But they’ve since found some common ground, particularly in moving the district towards financial autonomy. Earlier this year, they co-sponsored a resolution to begin the process of exiting state receivership, a condition the school district has been in since 2003 that limits the financial decision-making district leaders can make. 

Davis and Hutchinson still have some fundamental differences, like what to do with small schools, which Davis thinks are unsustainable. Hutchinson has long been opposed to closing schools, but is eager to begin this fall what he calls a “school redesign process.” It will examine the district’s schools and engage community members in conversations about how to improve them so that every neighborhood has a quality school. Changes could include things like adding STEM or dual-language-focused programs. But Hutchinson has also left the door open to reducing the overall number of district schools through consolidations at campuses that host more than one school. 

“When we are looking at district redesign for district restructuring, that might include some of these things,” he said. “If you have two schools that share a campus and you plan to go from having two principals to just one principal, that’s not a merger plan because you’re not merging the programs together or any of those other things.”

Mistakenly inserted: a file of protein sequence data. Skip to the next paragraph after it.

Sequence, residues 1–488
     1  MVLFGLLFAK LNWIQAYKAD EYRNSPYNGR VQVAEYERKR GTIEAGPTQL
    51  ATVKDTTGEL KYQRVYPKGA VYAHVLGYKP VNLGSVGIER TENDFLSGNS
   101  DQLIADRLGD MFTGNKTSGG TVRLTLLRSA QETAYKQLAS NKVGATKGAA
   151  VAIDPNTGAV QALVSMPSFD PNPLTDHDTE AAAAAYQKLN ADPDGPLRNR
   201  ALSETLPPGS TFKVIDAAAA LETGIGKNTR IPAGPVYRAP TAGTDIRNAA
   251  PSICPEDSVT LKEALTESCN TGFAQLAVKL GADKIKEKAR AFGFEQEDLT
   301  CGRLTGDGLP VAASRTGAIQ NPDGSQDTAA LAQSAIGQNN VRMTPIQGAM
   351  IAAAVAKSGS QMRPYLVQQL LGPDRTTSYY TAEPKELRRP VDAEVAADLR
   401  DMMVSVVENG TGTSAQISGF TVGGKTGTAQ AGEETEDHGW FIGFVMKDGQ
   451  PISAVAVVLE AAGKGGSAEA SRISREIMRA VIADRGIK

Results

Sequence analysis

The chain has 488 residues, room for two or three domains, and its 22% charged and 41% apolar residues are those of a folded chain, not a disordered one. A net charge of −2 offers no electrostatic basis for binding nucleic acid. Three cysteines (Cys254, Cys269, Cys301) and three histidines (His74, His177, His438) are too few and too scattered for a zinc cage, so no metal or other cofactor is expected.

A promising show of unity came in June at the final school board meeting of the year: The directors unanimously approved the labor contract that resulted from the teachers’ strike. That the board was able to make the necessary adjustments to the budget in order to afford the staff raises without having to close schools was viewed as a win by Hutchinson and a sign that the district can move away from school closures as a budget-balancing solution.

“I am encouraged that everything I hoped a different school board might be able to achieve is actually possible. I wasn’t sure if it was actually possible before I got in this position.”

For the first time, a split with the teachers union

Hutchinson’s decision to run for school board in District 4 last year divided his supporters. Because of a redistricting change, Hutchinson’s home address is now in District 4, a change from the District 5 neighborhood he’d lived his entire life. Hutchinson felt that residents should have representatives who live in their districts, so he made the decision to run again two years into his term representing District 5.